It's said that there's no one more candid than a party leader leaving office - particularly if he feels he's been pushed.
GOP national chairman Richard Richards certainly isn't exiting laughing, as he responds to mounting criticism from within the White House of his performance.
He's obviously more than a little miffed. And he's coming right out and saying whatever is on his mind.
He says that he and the President are still friends. But he thinks he is the victim of unnamed persons in the White House who are not interested in building the party but simply want a glamorous person running it, someone who will spend most of his time making speeches in behalf of reelecting the President.
''I'm in the Ray Bliss mold,'' Mr. Richards says. ''Bliss is my idol.'' Mr. Bliss was the colorless GOP chairman who is generally credited for doing a magnificent job of revitalizing the Republican Party after its decisive defeat in 1964.
Richards says these unnamed White House aides have been unhappy with his recent predictions on congressional races. They think he is too optimistic, he contends. ''I see us losing no more than 10 to 12 seats in the House,'' he says. ''And I see us picking up a net gain of three in the Senate.''
His White House and other Republican critics, he says, are ''posturing'' with their particularly negative election forecasts, providing a lower estimate than what they really think the outcome will be, so Republicans will look good when better results are achieved. But, says Richards, he simply won't posture.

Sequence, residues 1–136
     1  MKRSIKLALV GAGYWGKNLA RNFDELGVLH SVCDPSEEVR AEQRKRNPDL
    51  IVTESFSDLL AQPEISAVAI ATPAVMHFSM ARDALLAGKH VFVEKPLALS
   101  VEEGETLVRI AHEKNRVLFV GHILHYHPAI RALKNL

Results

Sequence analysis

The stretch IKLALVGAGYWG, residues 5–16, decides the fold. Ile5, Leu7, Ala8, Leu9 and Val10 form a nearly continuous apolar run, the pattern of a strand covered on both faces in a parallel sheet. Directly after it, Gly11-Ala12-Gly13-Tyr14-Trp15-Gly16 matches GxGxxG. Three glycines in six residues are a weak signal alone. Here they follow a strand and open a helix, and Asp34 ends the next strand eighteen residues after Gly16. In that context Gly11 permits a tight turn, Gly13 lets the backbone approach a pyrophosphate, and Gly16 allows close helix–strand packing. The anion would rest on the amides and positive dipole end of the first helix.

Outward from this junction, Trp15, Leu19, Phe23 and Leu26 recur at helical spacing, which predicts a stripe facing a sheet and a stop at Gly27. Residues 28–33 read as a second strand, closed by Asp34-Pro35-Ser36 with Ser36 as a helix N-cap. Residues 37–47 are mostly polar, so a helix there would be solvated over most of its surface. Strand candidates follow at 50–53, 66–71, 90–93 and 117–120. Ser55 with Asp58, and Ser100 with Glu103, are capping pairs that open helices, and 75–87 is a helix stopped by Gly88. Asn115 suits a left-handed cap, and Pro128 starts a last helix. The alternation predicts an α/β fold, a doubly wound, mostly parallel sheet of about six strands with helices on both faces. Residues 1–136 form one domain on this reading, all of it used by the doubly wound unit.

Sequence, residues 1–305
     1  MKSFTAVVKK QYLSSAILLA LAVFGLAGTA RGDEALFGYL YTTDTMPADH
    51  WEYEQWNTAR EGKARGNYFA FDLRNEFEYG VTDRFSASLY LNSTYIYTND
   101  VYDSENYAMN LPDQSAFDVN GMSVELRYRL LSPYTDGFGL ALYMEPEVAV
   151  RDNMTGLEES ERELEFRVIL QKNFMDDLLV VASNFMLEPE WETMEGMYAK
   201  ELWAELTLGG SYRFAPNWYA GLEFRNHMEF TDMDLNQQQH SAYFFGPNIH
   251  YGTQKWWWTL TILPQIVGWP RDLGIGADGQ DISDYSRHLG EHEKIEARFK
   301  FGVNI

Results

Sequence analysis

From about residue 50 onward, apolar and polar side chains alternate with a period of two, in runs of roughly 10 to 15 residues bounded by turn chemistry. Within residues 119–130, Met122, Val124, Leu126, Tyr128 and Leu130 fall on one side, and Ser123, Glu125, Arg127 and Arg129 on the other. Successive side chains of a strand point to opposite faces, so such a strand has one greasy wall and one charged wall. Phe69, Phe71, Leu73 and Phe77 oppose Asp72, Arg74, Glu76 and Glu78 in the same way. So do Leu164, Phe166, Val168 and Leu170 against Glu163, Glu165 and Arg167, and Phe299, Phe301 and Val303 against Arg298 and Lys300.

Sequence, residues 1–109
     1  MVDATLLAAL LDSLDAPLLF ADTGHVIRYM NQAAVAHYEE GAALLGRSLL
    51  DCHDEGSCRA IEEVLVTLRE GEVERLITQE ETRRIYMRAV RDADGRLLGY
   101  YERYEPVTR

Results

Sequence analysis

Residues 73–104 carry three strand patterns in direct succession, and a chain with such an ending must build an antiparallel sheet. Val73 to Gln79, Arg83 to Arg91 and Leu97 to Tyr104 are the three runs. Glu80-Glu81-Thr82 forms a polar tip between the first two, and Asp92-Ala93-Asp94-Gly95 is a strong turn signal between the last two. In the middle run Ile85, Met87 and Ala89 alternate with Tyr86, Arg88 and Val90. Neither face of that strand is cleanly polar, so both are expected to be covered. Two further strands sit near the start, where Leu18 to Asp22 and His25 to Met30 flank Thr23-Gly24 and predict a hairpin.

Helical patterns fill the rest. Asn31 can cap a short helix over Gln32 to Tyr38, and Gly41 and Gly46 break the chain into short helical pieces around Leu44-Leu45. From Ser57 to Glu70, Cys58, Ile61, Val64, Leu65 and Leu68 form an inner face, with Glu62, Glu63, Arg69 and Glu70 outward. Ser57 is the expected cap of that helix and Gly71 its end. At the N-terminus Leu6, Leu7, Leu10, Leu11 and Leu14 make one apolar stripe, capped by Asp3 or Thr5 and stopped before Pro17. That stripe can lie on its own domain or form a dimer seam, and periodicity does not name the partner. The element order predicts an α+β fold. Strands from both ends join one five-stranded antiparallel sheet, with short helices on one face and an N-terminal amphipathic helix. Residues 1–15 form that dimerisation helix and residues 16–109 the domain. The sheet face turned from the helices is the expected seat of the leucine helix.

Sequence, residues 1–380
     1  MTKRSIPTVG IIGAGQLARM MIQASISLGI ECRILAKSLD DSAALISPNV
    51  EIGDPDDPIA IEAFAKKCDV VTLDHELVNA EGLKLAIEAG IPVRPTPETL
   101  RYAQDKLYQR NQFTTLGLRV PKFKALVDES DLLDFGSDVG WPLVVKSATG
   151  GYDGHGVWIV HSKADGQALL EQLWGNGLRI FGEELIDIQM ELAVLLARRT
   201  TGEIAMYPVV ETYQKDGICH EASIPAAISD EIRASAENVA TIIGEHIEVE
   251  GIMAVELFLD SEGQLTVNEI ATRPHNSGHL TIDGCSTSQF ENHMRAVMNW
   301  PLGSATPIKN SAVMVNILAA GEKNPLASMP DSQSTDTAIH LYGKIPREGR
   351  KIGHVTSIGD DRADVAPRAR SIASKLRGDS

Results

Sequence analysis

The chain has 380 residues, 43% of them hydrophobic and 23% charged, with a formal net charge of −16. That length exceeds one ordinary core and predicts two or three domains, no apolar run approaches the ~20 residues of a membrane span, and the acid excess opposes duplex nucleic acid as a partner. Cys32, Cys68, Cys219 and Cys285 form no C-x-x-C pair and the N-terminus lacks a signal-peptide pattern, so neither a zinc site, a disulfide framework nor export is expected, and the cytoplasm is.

He says he is convinced that Reagan's continued popularity, together with especially attractive GOP candidates and the funds available for those candidates, will be enough to offset, in large part, the economic problems that run in the Democrats' favor.
Richards says it's his opinion that the President will run again. ''I've been with him recently, in the West and in New Jersey,'' he says. ''He looks like he likes to campaign. He obviously likes what he is doing. If he feels he has more to accomplish - he'll run again.
''Also,'' Richards adds, ''I think the idea that Teddy Kennedy might be President would be obnoxious to him - and cause him to run again.''
He says he's certain Kennedy will be the Democratic nominee. Here he gave a sketch of other Democratic possibilities: ''(Former Vice-President Walter F.) Mondale - trying hard and going no place. (Colorado Sen. Gary) Hart - might skyrocket. (Ohio Sen. John) Glenn - solid, positive, but doesn't have the charm of Kennedy.''
Richards concedes that he may have surprised and displeased the President by immediately announcing that he was going to leave his job the first of the year - instead of waiting until after the election to tell of his plans.
He says he talked to the President last week and received the ''signal'' that Mr. Reagan didn't want him back. ''He offered me another position in the administration,'' says Richards, ''which I thought over for an hour or two and then turned down.''
It was after this conversation with Reagan that Richards disclosed both his plans to leave and the criticism from within the White House that had brought about his departure.
''But,'' a reporter asked, ''didn't you damage the Republican campaign by your announcement - which showed the friction and disarray within the party?'' ''No,'' said Richards. Instead, he said, he felt he had improved morale within the party's organization by clearing the air.